Albertans are experts at drawing out summer as long as possible. We might be clinging to warm weather and the outdoors a little bit harder this year, in denial of the fact that the days are getting shorter. But, as the season winds down, we’re moving right into the beginning of harvest season, and fruit that has ripened on branches and vines is bursting with deep flavour, while golden honey drips like a late summer sunset.
In the spirit of holding on to our summer for a bit longer, we’ve sought out fruit gardens, honey farms, and wineries in Alberta to bring you those last tastes of this sweet season and learn a little more about the raw ingredients that are grown and
used at these businesses and how to incorporate them into your kitchens at home.
For more than a decade Hugo and Ilse Bonjean at Spirit Hills Winery, near Millarville, have been producing food-pairing wines that come from the terroir of the Rocky Mountain Foothills. “What we do is pretty unique in the world,” says co-owner and president Hugo Bonjean. “Just like people know different grapes produce different wines, so do different flowers produce different nectars. That in turn creates different wines.”
Wildflower nectar is collected, dried, and stored as honey by Spirit Hills’ bees. Full of antioxidants, raw honey is a sterile product, which can’t be fermented. “What we do when we make wine is we rehydrate the honey, turning it back into its liquid nectar state and that is what gets fermented,” explains Bonjean. The fermented nectar is then infused with a variety of hand-picked wildflower petals for white and rosé varieties. For red wine blackcurrants are macerated in the tanks throughout the fermentation period.
“Blackcurrants are one of the berries with the highest amount of antioxidants,” says Bonjean. They also contain anthocyanins – the compound in grape skins that gives red wine its colour and flavour – but at a concentration 30 to 90 times higher, making currants an ideal replacement for grapes when making wine. They also make for delicious desserts.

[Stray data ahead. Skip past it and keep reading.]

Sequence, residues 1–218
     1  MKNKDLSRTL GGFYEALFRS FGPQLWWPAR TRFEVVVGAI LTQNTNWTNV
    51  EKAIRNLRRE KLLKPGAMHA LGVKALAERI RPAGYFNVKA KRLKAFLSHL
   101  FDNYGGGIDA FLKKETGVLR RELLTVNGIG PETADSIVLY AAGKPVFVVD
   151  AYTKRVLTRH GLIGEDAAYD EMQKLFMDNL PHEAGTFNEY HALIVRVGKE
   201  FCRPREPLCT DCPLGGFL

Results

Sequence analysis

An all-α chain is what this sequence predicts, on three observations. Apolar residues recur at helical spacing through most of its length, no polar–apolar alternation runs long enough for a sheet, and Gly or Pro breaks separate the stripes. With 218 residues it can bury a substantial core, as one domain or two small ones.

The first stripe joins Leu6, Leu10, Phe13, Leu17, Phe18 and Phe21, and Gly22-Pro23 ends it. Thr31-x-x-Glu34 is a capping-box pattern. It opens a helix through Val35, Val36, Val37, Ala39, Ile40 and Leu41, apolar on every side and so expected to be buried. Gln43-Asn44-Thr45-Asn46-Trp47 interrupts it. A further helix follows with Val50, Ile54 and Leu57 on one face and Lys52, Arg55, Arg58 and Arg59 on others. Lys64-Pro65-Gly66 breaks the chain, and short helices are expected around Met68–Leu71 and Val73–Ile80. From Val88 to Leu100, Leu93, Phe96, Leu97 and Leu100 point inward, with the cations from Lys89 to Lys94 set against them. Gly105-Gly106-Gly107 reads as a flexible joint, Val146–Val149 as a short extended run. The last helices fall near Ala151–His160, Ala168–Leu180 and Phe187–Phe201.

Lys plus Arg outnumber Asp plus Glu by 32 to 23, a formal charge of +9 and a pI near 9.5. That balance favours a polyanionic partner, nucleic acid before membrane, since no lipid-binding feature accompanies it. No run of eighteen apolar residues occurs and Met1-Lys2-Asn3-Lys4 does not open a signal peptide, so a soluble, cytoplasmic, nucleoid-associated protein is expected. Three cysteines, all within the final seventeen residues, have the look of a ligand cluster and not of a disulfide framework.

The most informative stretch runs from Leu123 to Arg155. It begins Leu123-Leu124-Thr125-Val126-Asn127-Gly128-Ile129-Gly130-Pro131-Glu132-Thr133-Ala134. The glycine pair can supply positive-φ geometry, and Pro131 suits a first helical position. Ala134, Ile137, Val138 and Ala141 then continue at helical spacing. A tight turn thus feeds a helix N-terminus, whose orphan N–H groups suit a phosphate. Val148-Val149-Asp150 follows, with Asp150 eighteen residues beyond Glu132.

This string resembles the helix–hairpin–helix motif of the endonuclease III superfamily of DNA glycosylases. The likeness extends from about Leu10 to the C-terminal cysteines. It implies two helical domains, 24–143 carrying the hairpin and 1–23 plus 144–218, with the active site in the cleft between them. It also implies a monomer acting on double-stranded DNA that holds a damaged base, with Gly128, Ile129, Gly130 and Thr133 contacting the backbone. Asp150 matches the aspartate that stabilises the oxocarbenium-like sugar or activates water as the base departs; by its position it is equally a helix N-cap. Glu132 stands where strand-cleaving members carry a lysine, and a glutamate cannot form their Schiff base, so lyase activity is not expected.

Find the recipe for The Bonjeans' Blackcurrant Ice Cream Parfait here.
At DNA Gardens in Elnora, Red Seal Chef Lynsey Armstrong has her pick of fresh ingredients grown right on site, from herbs and edible flowers to a variety of fruit, like saskatoons, raspberries, and sour cherries. DNA Gardens also works with local ranchers and craft breweries to bring a unique experience to their visitors. “Every evening during the summer we have a Bootlegger, Beer and Brisket Dinner, where we have a delicious meal with slow smoked brisket, followed by saskatoon pie and gelato,” explains Armstrong.
DNA Gardens also produces jams, jellies, and syrups that are available for purchase both at the gardens and Gasoline Alley in Red Deer. “Our jams contain only 25% of the sugar of [commercially produced] jams,” says Armstrong. “We use a different pectin that allows us to reduce our sugar which results in a flavour bang of fruit.”
For Armstrong’s Tart Cherry Lemonade, fresh cherries are best, and visitors can pick them in season at the gardens. “When you harvest and pit your own cherries, put your cherries in the fridge overnight and pit them when ice cold,” Armstrong recommends. “They will make a lot less mess and you will retain more juice.”
Find the recipe for Lynsey Armstrong's Tart Cherry Lemonade here.
Forty-two percent of Canada’s honey is produced in Alberta, and at Chinook Honey Company in Okotoks, owners and operators Art and Cherie Andrews have had sweet success in the industry since 1995, when they started with just two hives. Since then, they’ve grown and added education and tourism components. “The thing we really appreciate about this business model is being able to work directly with the customer, and get to know their needs,” explains Cherie.
Along with jams, jellies, sauces, and mead, produced and sold on site, the honey itself is sold in many shapes and forms, says Cherie. “If you’re looking for a good honey product, try and buy from a local producer,” she advises, and turn the container upside down and look for a large air bubble to slowly make its way to the top – this will usually tell you if the honey is pure, or has been watered down.
While it’s often enjoyed drizzled on fresh bread, or even by the spoonful, Art says honey can be used as a substitute for sugar in most dishes, in half the amount that sugar is called for. “A little-known fact about honey is its relatively high acidity,” he adds. With a pH level of about 4, it works well as a substitute for vinegar, and in meat marinades like this recipe for Honey Whisky Sirloin.
Find the recipe for the Andrews' Honey Whisky Sirloin here.